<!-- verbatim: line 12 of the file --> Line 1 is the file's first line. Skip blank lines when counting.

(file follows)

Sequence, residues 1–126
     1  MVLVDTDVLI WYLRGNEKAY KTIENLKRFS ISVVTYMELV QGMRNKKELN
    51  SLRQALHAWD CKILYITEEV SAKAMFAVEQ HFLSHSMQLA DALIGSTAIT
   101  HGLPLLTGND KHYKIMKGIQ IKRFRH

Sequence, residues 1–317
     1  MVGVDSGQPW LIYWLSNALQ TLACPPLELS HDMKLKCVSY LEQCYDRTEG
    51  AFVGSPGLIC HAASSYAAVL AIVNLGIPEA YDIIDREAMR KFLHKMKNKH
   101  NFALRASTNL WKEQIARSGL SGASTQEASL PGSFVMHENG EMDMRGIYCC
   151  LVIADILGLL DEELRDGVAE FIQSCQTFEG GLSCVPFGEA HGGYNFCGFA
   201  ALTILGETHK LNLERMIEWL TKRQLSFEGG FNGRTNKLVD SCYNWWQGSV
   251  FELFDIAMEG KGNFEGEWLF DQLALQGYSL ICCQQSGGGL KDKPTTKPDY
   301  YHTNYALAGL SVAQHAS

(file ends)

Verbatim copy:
   301  YHTNYALAGL SVAQHAS